Buck Owens and Roy Clark sang about bad luck being better than no luck, and that’s so true for Marty Byrde, the central figure in the Netflix series, “Ozark.” Byrde has more bad luck than most.

Buck Owens and Roy Clark sang about bad luck being better than no luck, and that’s so true for Marty Byrde, the central figure in the Netflix series, “Ozark.” Byrde has more bad luck than most.

Byrde’s wife is unfaithful, and his business partner has been skimming profits from a vicious drug dealer. Called to account, Byrde thinks on his feet. He recalls a brochure about beautiful Lake of the Ozarks and offers it to the drug lord for no other reason than absolute necessity to save his skin. Will the Ozark hills and its beautiful lake prove to be a land of opportunity, or will Marty Byrde meet his end here?

Lake of the Ozarks is a land of opportunity. The Lake is not, however, a land of crime and crime bosses — except in the mind of Bill Dubuque, a screenwriter known for “The Accountant” and “The Judge.”

A native of St. Louis, Dubuque spent summers working at Lake of the Ozarks and used what he knows to build a setting for an old tale about greed, moral weakness, and plenty of depravity.

Dubuque still regularly vacations at Lake of the Ozarks. He and his family love its beauty just like Marty Byrde’s family did, but it’s the Lake’s size that makes it ripe for storytelling about people who need to disappear into the hills and woods. Marty Byrde certainly does.

Opened in March 2018, Marty Byrde’s on the Bagnell Dam Strip has fun with story lines and characters from the Netflix series. Ruth Langmore is a character we might lovingly call a Hillbilly down on her luck. Surrounded by men who make sad decisions, she proves her mettle to Marty Byrde, and he buys her loyalty by empowering her. However, her own and Marty’s pasts follow them like shadows so Ruth steps up. She figures out a way to “smoke” enemies by rigging a dock to electrocute the next person who ties up there.

PB & J, otherwise known as Pat, Brent and Jake, three college buddies who are co-owners of Marty Byrde’s, have tipped their hats to Ruth’s ingenuity and offer Ruth’s “Smoked Wings” on the menu. Smoked on site, they’re available in different degrees of “fire” — Sweet Chili, Buffalo, or Hot and Sticky.

Another deadly lady in “Ozark” is Darlene Snell, one-half of a powerful pair pushing heroin in the hills. Darlene is nastier than her husband, Del, though. She has the shortest of short fuses and dispatches real and perceived enemies while smiling sweetly--as sweetly as her lemonade tastes.

Darlene’s Killer Lemonade, as Marty Byrde’s serves it, is also sweet and good without being deadly. It’s one of several specialty cocktails, this one made with Deep Eddy Lemon Vodka, Blueberry Lemonade Rum, and Pink Lemonade. It’s served with plump blueberries dropped into the spirits for extra flavor.

Customers can also share Marty Byrde’s profits with the Money Shot, a blend of Jameson Irish Whiskey, Melon Liqueur, Sweet Sour mix, and Sprite. Other shots in the spirit of “Ozark” are Dirty Laundry, Bazooka Marty, Cartel, and Byrde’s Eye. That last one is a tropical blend of vodka, Triple Sec, and Crème de Banana.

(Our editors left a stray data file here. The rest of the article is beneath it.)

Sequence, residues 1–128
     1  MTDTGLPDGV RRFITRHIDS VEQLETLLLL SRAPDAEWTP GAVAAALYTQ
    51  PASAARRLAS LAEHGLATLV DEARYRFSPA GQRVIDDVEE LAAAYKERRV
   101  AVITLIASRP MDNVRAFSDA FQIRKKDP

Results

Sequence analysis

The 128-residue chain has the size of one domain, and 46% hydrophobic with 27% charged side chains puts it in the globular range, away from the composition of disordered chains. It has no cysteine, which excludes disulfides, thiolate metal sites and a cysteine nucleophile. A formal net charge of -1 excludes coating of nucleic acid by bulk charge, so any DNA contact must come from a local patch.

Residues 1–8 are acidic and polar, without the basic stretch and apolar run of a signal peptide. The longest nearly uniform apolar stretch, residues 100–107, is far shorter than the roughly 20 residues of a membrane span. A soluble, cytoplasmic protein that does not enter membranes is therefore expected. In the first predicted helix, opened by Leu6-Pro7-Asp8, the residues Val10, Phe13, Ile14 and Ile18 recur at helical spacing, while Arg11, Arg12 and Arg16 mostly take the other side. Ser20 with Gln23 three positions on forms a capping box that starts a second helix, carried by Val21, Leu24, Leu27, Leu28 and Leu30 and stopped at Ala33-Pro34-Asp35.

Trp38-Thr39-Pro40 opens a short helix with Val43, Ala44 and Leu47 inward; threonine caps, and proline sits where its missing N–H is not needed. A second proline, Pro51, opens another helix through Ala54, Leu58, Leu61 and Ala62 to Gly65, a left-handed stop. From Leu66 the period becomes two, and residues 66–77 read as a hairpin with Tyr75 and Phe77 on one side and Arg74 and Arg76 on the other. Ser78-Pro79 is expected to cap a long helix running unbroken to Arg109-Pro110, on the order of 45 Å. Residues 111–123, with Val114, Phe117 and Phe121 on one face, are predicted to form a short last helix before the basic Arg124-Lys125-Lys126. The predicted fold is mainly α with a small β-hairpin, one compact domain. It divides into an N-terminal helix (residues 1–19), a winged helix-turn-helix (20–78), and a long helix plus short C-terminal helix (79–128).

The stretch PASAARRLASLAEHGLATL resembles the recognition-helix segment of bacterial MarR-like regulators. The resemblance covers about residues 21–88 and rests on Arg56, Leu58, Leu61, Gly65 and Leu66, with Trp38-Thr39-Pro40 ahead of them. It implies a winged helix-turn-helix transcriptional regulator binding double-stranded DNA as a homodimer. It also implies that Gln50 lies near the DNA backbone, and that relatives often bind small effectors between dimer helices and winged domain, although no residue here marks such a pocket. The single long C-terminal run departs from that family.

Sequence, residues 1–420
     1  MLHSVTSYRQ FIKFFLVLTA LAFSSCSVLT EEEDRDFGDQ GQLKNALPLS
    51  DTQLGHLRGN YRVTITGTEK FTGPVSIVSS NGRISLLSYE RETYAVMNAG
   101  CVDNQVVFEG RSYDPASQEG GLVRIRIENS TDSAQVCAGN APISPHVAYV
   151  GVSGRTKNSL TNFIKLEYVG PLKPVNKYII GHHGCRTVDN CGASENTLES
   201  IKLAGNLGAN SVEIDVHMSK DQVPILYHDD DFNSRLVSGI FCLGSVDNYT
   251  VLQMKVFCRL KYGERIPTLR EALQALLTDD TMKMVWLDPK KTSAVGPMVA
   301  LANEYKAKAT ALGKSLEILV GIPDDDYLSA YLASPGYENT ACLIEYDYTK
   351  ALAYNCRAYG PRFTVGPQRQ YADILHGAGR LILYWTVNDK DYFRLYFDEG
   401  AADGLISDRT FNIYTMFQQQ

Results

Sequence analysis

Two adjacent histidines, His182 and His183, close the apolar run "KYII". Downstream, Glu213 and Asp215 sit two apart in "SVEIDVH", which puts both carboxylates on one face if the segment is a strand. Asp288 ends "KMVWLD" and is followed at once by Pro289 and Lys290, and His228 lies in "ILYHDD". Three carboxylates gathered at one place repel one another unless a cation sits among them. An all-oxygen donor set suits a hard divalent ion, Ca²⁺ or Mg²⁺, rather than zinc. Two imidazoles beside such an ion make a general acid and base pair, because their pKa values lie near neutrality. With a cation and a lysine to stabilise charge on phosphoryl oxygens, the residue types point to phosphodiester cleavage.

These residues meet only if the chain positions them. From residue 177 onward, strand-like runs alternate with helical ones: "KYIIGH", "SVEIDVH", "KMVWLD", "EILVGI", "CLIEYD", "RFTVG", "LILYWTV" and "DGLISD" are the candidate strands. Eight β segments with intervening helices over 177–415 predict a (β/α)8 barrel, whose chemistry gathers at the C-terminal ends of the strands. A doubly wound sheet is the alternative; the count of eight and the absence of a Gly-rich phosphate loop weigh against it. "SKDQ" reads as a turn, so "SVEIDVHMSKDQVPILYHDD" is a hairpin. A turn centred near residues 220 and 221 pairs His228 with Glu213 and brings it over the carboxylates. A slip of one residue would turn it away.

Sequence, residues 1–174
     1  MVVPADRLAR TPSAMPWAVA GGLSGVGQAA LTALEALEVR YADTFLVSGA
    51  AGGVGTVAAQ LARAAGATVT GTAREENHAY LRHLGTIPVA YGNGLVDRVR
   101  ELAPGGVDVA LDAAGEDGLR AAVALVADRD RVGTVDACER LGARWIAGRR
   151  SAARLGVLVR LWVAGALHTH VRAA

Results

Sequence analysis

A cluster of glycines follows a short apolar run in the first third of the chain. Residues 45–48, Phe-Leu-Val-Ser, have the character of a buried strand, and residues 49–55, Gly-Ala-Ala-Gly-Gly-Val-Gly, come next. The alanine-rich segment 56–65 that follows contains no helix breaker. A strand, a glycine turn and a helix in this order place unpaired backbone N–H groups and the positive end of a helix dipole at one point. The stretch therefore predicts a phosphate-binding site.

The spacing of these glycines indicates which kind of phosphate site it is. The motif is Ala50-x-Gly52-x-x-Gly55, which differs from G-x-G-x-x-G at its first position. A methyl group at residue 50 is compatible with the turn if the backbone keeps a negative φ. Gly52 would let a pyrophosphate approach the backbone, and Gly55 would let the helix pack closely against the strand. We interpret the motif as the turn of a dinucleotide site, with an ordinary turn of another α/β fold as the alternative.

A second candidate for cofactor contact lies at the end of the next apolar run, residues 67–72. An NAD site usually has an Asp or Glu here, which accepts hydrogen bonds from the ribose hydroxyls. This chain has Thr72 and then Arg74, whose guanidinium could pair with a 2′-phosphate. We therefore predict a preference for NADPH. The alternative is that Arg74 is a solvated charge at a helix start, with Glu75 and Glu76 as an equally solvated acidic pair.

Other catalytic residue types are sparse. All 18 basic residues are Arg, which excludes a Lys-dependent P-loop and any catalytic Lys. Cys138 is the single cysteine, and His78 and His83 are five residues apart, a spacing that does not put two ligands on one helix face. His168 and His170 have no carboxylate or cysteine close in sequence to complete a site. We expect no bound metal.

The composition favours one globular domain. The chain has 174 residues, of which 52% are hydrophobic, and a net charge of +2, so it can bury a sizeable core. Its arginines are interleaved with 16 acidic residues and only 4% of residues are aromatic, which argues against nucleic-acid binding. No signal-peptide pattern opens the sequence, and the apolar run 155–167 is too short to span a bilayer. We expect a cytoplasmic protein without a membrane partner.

The Byrde family is all in together whether it’s criminal or not. Marty Byrde’s owners, PB & J, have as strong a bond, but certainly not a criminal one. They’ve known each other since college, and they’re business partners in several enterprises, including one that could bring back the glory days of Hildebrand’s Resort dating from 1936 and Old Swiss Village. The partners plan to open Wine Haus near Michael’s Streak Chalet in the summer of 2018 to provide great beverages and views at the 28-mile marker as well as an event venue for destination weddings and local parties.

Michael’s, currently owned by Michael Ismail, Brent Boyles and Terry Pabst, has been delivering excellence in aged beef and seafood for more than two decades. At Marty Byrde’s, customers can expect some of that excellent beef and seafood.

A large pork steak, listed on the menu as The Langmore, sells for $6 without sides, and it is one of four meat items locally sourced from a business near St. Louis. The other three are The Byrde (hot) Dog, pulled pork in the Red Neck Riviera Special, and The Sugarwood (bratwurst), a nod to Marty’s rival for his wife’s affection.

Brent Boyles admits the restaurant’s location with ties to the Netflix production is by sheer coincidence. The company set up headquarters for local extras in what would become Marty Byrde’s.

One reason the property was so attractive for Marty Byrde’s on the Strip is open-air patio seating with views of that majestic Lake, the one that inspired Bill Dubuque to tell a story with this fine locale as a backdrop.

The Lake has certainly inspired PB & J to have some fun with good food and drink as well as a popular Netflix series. They’ve even decorated the front entry with a Ben Vens’ photo taken from Lover’s Leap, the same place where Marty Byrde almost ended it all — until, that is, the grandeur and opportunity here at the Lake gave him reason to go on. He’ll be back for Season Two soon, but until then, Marty Byrde’s is open for business on the Strip.